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Clinical approach to rapidly progressive renal failure
Article in The Journal of the Association of Physicians of India · January 2011
Source: PubMed
5 authors, including:
Dipankar M Bhowmik
Sanjay Agarwal
All India Institute of Medical Sciences
All India Institute of Medical Sciences
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Review Article
Clinical Approach to Rapidly Progressive Renal Failure
Dipankar Bhowmik*, Sanjeev Sinha+, Ankur Gupta**, Suresh C Tiwari++, Sanjay K Agarwal***
Rapidly progressive renal failure (RPRF) is an initial clinical diagnosis in patients who present with progressive
renal impairment of short duration. The underlying etiology may be a primary renal disease or a systemic disorder.
Important differential diagnoses include vasculitis (systemic or renal-limited), systemic lupus erythematosus,
multiple myeloma, thrombotic microangiopathy and acute interstitial nephritis. Good history taking, clinical
examination and relevant investigations including serology and ultimately kidney biopsy are helpful in clinching
the diagnosis. Early definitive diagnosis of RPRF is essential to reverse the otherwise relentless progression to
end-stage kidney disease.
Concept of Rapidly Progressive Renal
n clinical medicine physicians encounter patients who
present with progressive renal impairment of seemingly
unknown etiology. The duration of disease is brief or may even
be undefined. These patients are neither Acute Kidney Injury
(previously called acute renal failure) nor Chronic Kidney
Disease (previously called chronic renal failure). The initial
clinical diagnosis of these cases may be called Rapidly Progressive
Renal Failure (RPRF), which may be defined as progressive renal
impairment over a period of few weeks. On ultrasonography
of the kidneys, patients with RPRF have normal sized kidneys,
while the presence of small contracted echogenic kidneys
establishes the diagnosis of CKD. Actually RPRF encompasses a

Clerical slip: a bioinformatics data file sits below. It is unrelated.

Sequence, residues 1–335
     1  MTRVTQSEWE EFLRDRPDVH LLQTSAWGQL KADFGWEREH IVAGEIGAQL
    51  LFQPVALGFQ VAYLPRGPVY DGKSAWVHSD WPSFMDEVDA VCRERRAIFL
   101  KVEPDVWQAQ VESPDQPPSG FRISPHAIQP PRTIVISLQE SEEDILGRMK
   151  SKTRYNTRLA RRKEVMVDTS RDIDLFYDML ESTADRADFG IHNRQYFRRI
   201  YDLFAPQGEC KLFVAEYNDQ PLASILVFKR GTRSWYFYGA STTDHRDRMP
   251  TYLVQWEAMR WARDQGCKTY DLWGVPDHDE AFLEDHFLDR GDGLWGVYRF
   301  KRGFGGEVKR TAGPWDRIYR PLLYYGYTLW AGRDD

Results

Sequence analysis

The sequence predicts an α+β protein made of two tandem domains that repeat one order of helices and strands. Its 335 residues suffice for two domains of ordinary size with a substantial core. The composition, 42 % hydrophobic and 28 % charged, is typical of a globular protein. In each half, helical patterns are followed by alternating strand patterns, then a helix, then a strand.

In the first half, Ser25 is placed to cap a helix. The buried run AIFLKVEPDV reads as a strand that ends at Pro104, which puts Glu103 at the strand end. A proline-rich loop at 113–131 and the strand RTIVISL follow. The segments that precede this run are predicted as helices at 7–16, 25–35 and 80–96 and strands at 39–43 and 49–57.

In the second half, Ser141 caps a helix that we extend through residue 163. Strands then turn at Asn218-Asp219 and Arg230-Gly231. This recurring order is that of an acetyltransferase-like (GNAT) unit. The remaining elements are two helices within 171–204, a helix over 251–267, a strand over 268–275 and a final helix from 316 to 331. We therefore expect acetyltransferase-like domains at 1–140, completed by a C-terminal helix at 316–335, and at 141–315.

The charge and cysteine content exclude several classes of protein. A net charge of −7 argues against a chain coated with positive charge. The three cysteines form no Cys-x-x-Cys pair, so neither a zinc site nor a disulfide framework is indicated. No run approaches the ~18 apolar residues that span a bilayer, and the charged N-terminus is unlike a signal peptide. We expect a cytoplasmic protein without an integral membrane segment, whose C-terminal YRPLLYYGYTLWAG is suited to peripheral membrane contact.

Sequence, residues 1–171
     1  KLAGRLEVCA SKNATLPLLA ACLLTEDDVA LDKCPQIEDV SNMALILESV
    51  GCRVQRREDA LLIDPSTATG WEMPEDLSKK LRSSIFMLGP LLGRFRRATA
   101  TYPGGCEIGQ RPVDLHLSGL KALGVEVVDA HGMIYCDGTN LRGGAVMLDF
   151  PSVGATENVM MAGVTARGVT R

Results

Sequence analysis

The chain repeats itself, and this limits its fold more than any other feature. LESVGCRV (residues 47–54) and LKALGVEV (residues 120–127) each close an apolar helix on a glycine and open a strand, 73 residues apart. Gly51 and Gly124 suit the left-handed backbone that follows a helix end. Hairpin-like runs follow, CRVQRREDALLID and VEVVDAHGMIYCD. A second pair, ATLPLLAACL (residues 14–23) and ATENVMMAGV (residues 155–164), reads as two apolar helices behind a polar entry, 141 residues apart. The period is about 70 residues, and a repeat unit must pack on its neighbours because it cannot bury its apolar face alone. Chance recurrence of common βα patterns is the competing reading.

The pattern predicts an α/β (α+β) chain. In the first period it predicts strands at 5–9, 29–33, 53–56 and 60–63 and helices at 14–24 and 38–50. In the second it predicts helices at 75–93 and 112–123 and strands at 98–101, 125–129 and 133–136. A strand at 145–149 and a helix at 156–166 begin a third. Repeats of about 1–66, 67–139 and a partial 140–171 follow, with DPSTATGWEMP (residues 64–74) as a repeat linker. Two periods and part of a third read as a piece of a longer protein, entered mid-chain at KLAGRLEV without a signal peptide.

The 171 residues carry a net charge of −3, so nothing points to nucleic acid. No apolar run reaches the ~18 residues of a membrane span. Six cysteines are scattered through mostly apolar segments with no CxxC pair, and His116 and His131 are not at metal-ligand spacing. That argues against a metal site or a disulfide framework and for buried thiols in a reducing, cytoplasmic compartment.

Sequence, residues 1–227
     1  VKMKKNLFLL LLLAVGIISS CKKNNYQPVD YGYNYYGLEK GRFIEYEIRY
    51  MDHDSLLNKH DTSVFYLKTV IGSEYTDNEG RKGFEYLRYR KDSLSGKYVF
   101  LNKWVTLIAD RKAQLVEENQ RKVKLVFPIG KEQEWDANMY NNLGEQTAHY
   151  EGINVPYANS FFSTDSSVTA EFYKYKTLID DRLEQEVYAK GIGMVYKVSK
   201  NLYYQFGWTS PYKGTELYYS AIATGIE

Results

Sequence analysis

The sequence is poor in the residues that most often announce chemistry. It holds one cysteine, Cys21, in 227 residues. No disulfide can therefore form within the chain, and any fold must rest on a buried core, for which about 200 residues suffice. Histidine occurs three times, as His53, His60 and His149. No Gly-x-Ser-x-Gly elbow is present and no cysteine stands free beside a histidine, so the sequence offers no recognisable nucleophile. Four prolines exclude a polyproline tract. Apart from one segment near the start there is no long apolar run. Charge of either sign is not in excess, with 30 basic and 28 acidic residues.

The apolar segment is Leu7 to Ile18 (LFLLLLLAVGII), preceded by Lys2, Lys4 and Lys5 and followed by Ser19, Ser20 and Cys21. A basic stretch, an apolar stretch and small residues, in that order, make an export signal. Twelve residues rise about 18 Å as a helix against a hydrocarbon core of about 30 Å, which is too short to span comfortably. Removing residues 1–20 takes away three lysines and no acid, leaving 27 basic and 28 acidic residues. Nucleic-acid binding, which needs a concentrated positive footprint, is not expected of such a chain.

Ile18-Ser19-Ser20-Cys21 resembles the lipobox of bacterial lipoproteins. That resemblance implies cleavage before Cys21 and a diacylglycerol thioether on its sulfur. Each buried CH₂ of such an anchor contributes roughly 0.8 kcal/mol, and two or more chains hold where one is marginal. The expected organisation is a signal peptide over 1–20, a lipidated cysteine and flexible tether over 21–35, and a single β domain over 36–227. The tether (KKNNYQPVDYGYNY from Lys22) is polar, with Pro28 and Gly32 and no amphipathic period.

heterogeneous group of clinical syndromes.1 The renal histopathology
shows lesions affecting any or a combination of the three
traditional renal compartments: glomerular, tubulointerstitial
or vascular. The diseases causing RPRF are listed in Table 1.
Since a wide variety of different diseases may present with a
similar clinical picture, it is essential to properly work-up cases
of RPRF so that the exact diagnosis is established. Time is a
valuable factor since if the appropriate treatment is not initiated,
then the patient may progress to irreversible end-stage renal
disease (ESRD) needing life-long renal replacement therapy.
RPRF may in fact be considered as ‘Renal Emergency’. Hence the
role of the physician, who sees the patients in the initial stages
is vital to ensure optimal management of RPRF. The traditional
approach to a patient namely history, physical examination and
appropriate investigations all play a vital role in the diagnostic
work-up. Ultimately kidney biopsy is required in most patients.
Detailed and appropriate history taking is essential both to
make the initial diagnosis of RPRF (by excluding CKD and AKI),
and also to arrive at the cause of RPRF. History of hematuria,
hemoptysis, longstanding asthma or petechiae is suggestive
of vasculitis, while arthralgia, oral ulcers or photosensitivity
indicates presence of lupus. In the middle aged and elderly it
Associate Professor, ** Senior Resident, ***Professor and Head,
Department of Nephrology, +Associate Professor, Department of
Medicine, All India Institute of Medical Sciences, New Delhi, ++Head
of Department of Nephrology, Fortis Hospital, New Delhi.
Received: 03.02.2010; Revised: 05.03.2010; Accepted: 05.03.2010
is essential to ask for history of backache or bone pains, since
multiple myeloma sometimes presents with renal impairment.
While evaluating a case of suspected RPRF, it is essential to
diligently go through the medical records of the patient.2 It is not
unusual to find documentation of abnormal urine examination
and / or impaired renal function of which the patient is unaware
of. Long-standing history of diabetes and hypertension makes it
likely that the patient has diabetic or hypertensive nephropathy.
Physical Examination